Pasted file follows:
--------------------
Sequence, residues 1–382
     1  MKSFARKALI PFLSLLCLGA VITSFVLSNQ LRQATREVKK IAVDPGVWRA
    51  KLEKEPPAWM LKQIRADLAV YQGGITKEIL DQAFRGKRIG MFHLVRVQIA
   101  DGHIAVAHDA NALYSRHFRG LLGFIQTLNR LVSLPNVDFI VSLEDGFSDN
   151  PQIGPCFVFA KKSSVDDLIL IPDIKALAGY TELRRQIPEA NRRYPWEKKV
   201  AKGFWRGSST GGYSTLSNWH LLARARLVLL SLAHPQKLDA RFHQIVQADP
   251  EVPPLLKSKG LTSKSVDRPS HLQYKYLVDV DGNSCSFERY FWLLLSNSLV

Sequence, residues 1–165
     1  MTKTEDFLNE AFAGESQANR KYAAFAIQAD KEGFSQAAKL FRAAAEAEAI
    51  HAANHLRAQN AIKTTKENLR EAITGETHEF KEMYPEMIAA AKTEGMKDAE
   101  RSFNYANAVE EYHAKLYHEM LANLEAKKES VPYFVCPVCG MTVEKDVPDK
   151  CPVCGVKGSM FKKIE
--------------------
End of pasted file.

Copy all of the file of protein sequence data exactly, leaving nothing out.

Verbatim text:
Sequence, residues 1–382
     1  MKSFARKALI PFLSLLCLGA VITSFVLSNQ LRQATREVKK IAVDPGVWRA
    51  KLEKEPPAWM LKQIRADLAV YQGGITKEIL DQAFRGKRIG MFHLVRVQIA
   101  DGHIAVAHDA NALYSRHFRG LLGFIQTLNR LVSLPNVDFI VSLEDGFSDN
   151  PQIGPCFVFA KKSSVDDLIL IPDIKALAGY TELRRQIPEA NRRYPWEKKV
   201  AKGFWRGSST GGYSTLSNWH LLARARLVLL SLAHPQKLDA RFHQIVQADP
   251  EVPPLLKSKG LTSKSVDRPS HLQYKYLVDV DGNSCSFERY FWLLLSNSLV

Sequence, residues 1–165
     1  MTKTEDFLNE AFAGESQANR KYAAFAIQAD KEGFSQAAKL FRAAAEAEAI
    51  HAANHLRAQN AIKTTKENLR EAITGETHEF KEMYPEMIAA AKTEGMKDAE
   101  RSFNYANAVE EYHAKLYHEM LANLEAKKES VPYFVCPVCG MTVEKDVPDK
   151  CPVCGVKGSM FKKIE